Entering ZSR Library’s Special Archives & Collections room on Monday felt like entering another world. Lights dimmed, candles lit and tables lined with chocolates, merlot and first-edition novels — this was “Spooky Night.”
For its second annual “Spooky Night,” the Archives held an open ghost story reading in its sixth floor library room.
Dean of ZSR Library Tim Pyatt began the evening with a reading from Frankenstein, not without first a bit of history, a farcical one-liner summary of the book and an apology that he would not be reading in his “Gene Wilder voice.”
Chris Burris, ZSR serials acquisitions coordinator, conquered Edgar Allen Poe’s The Raven, noting one of his favorite renditions of the poem as the Simpsons’ “Treehouse of Horror” episode in which James Earl Jones is narrator and Bart is the raven.
As soon as Burris sat in the large armchair upfront, his deep, unwavering voice filled the room.
“Bird or beast upon the sculpted bust above his chamber door,” Burris read, looking with what felt like pure impromptu at the artificial raven just past his shoulder. “With such name as ‘Nevermore.’”
ZSR Director of Technologies Thomas Dowling, whose melodious voice elicited a room-wide gasp during his “Black Cat” reading last year from even the most versed Poe readers, took a lighter approach at this “Spooky Night.”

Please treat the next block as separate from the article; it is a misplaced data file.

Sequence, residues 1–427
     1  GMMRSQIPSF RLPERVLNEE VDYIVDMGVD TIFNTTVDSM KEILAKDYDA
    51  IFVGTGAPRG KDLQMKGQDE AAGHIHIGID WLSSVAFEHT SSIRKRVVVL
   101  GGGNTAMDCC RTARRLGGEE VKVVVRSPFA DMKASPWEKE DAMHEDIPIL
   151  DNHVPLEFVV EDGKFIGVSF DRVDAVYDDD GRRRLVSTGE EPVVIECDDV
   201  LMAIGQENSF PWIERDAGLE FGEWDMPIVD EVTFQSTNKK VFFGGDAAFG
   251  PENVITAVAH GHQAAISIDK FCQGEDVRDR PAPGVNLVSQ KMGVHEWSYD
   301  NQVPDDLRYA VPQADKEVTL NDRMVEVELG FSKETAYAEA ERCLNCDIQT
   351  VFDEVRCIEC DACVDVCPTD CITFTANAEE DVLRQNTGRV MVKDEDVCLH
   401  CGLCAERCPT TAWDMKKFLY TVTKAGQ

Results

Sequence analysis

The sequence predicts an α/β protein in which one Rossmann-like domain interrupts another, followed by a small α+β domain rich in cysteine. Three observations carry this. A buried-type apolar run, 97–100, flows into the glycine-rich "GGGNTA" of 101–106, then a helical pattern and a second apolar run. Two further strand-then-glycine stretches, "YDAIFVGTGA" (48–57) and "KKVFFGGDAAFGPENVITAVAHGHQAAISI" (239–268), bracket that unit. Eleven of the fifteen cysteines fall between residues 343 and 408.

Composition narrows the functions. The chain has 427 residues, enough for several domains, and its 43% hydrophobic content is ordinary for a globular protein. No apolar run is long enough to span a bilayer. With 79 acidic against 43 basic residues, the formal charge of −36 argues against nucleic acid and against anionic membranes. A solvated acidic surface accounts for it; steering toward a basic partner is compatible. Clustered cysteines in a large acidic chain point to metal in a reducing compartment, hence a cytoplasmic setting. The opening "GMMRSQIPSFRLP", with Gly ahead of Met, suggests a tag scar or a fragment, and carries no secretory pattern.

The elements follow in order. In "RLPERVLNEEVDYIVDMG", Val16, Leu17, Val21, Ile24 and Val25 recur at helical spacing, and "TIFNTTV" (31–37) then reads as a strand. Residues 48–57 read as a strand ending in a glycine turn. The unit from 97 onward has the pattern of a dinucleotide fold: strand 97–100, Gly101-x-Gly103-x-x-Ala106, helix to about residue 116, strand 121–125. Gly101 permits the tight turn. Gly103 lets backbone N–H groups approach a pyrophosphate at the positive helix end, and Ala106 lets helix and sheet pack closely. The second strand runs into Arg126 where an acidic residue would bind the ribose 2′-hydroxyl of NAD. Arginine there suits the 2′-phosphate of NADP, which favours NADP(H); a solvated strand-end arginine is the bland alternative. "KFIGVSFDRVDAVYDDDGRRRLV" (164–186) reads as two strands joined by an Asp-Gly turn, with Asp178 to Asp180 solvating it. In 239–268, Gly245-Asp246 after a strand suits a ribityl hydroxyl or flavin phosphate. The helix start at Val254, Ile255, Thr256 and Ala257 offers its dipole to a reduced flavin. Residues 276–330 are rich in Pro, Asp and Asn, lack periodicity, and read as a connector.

Dowling read, “The Ghost Who Vanished by Degrees,” a part of a series of amusing ghost stories by Robertson Davies, professor and playwright.
The story centers on the ghost of a Ph.D. candidate who obliviously tortures a professor with his endless dissertations.
The floor practically shook from laughter when, not long into the reading, Dowling held up a sheet of paper with a Bible verse.
“By the way, there are three footnotes for this story,” he said in a change of tone, though no less theatric.
Listening to Dowling was like listening to an uncle emphatically share an exaggerated college tale, complete with a “Mu Kau Mu” fraternity.
Each semester, the Archives hosts events intended to highlight the department’s value.
“We try to do unique things like [“Spooky Night”] because we want people to know we’re here,” said Tanya Zanish-Belcher, director of the Archives.
Lying beside her in her office were a 300-year-old piece of African pottery and a scroll signed by the classmates of injured Vietnam War veteran Andy Heck (‘70).
The Archives has countless artifacts and several first-edition books, including one of Zanish-Belcher’s favorites, Walt Whitman’s Leaves of Grass.
“I’m pretty sure he did the original printing himself, so just thinking about picking up something he touched is pretty cool,” she said.
The Archives is open to students, faculty and the public.
The department encourages students to use its materials, which are becoming increasingly digitized, for class research and to take its classes.
“Compared to other libraries I’ve worked at, the Archives is very impressive in terms of how hands-on scholars and students can be,” Dowling said. “You can walk in and ask to use something and you can.”
The next event that will be hosted by the library will be “Collecting the Controversial,” by Rebecca Schulte, on Nov. 16 in ZSR Room 624.